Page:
Money doesn't exist, not really.
Money doesn't really exist. Money is just a claim check upon the capital resources of the real economy. It's just a virtual artifice built upon real output.
Therefore, I agree with TEDster Malcolm Gladwell in believing it is socially justified to raise the top marginal tax rate to something like 90%, so no one can make more than ~2 million per year, and also to raise the estate tax, capital gains taxes, and the effective corporate tax rate.
First, because speculators, bankers, and hedge fund managers are not socially productive at all, let alone enough to justify making what they make.
Second, because every human being is entitled to food, water, clothing, and education, because there is more than enough to go around - just because you work on Wall Street doesn't mean you can squander the (finite, but growing) capital production of society on luxury goods while people starve.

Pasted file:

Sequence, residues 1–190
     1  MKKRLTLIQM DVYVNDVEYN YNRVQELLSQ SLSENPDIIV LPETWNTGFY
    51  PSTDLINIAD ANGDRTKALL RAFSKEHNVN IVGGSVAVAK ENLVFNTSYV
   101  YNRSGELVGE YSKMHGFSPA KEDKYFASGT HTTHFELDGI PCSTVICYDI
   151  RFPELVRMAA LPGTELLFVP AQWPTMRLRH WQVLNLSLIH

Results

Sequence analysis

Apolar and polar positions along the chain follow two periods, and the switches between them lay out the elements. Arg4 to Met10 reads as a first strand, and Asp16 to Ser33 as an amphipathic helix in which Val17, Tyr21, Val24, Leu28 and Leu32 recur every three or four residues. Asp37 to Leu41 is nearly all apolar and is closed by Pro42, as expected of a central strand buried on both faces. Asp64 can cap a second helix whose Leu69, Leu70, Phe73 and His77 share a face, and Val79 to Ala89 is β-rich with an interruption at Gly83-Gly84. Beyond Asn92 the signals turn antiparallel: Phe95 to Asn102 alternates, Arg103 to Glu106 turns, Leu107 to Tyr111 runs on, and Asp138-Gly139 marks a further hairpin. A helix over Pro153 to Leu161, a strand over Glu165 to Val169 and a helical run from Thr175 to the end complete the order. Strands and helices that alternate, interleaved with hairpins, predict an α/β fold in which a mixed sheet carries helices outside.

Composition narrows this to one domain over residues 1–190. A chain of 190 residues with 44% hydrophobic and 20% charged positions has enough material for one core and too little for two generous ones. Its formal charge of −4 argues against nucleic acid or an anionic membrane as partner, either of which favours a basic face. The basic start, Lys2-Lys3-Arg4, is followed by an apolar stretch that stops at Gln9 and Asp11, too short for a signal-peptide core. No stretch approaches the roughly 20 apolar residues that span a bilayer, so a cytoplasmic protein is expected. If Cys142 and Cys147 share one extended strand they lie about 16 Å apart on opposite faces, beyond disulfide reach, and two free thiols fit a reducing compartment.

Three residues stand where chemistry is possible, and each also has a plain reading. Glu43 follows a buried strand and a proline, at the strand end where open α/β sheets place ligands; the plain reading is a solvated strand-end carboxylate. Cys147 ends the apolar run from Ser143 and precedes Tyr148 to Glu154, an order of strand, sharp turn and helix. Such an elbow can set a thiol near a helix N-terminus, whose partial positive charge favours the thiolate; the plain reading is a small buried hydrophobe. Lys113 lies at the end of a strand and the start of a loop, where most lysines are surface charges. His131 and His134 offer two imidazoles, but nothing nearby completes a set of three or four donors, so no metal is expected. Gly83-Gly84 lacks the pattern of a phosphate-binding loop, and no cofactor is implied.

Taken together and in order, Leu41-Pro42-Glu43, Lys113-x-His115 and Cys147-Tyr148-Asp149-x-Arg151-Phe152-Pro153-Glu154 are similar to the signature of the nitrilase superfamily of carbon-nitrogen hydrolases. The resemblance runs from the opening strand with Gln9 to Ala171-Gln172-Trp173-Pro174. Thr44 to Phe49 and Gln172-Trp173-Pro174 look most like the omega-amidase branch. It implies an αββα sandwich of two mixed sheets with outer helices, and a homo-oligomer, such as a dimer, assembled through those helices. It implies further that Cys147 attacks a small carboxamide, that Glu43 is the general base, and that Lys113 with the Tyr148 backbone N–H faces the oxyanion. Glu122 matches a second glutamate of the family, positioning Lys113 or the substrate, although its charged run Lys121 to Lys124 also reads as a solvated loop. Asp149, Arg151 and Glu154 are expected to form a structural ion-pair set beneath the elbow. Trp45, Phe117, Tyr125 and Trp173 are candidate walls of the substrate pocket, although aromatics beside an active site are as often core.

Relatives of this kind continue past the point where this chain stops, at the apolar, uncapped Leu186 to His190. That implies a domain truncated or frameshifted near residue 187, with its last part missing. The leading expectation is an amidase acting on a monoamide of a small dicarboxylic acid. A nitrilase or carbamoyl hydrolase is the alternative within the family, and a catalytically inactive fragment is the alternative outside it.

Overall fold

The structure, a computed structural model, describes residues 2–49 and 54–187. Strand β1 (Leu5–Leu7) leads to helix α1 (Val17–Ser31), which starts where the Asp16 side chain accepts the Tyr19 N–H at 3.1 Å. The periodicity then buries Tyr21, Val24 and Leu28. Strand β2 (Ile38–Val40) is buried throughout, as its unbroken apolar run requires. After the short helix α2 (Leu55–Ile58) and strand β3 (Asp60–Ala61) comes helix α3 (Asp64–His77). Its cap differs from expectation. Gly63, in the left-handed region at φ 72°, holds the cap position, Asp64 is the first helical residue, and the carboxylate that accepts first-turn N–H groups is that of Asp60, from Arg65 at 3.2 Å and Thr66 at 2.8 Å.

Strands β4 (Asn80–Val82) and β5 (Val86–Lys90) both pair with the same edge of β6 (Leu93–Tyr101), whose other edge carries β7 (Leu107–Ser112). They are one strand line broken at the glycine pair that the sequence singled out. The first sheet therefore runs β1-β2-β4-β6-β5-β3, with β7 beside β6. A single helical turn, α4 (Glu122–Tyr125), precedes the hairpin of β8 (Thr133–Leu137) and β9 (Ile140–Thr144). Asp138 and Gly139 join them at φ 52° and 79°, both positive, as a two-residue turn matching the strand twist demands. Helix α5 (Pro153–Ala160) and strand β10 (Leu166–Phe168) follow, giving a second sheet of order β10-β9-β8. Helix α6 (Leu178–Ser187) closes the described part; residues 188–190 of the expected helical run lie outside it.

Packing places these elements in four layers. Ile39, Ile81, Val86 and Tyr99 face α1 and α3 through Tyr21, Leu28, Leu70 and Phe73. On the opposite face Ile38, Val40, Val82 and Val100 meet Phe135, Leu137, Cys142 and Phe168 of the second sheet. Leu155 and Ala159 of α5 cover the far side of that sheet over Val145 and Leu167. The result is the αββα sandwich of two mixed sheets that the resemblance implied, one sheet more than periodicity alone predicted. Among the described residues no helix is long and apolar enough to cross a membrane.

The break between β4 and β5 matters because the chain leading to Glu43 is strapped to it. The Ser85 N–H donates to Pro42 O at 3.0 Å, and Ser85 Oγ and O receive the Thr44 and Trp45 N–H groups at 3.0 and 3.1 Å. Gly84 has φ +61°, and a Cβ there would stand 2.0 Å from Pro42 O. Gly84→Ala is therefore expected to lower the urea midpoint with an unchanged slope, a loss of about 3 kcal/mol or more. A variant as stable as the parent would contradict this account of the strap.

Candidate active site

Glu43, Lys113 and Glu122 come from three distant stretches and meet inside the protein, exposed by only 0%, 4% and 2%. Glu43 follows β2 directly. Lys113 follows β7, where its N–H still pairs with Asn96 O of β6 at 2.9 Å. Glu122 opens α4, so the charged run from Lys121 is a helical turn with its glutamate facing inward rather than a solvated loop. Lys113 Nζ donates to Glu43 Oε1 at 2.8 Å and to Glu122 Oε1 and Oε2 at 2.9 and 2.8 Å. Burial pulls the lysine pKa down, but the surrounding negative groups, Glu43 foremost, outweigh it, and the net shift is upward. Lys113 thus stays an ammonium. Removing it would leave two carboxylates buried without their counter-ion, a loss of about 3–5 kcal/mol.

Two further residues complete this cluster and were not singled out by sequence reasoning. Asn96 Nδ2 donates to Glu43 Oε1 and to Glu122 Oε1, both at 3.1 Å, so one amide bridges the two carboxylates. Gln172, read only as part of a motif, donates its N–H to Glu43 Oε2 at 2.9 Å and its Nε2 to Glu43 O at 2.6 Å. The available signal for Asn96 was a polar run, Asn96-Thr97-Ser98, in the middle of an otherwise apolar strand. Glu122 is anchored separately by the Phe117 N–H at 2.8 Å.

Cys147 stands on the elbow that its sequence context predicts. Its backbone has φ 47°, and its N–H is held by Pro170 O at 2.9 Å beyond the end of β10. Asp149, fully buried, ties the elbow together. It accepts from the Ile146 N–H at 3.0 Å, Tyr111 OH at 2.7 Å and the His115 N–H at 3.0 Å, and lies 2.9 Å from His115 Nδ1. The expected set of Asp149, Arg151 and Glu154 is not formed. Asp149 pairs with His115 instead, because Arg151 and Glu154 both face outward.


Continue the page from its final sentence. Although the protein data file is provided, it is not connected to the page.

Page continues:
"Those who create phantom wealth, and those who are the beneficiaries of mutual funds or retirement funds invested in phantom wealth, may never realize that they are giving its holder a claim on the real wealth produced by others, and that phantom-wealth dollars created out of nothing dilute the claims of everyone else to the available stock of real wealth. They may also fail to realize that Wall Street and its international counterparts have created phantom-wealth claims far in excess of the value of all the world's real wealth, creating expectations of future security and comforts that can never be fulfilled."
Money doesn't really exist, but people do...think about it.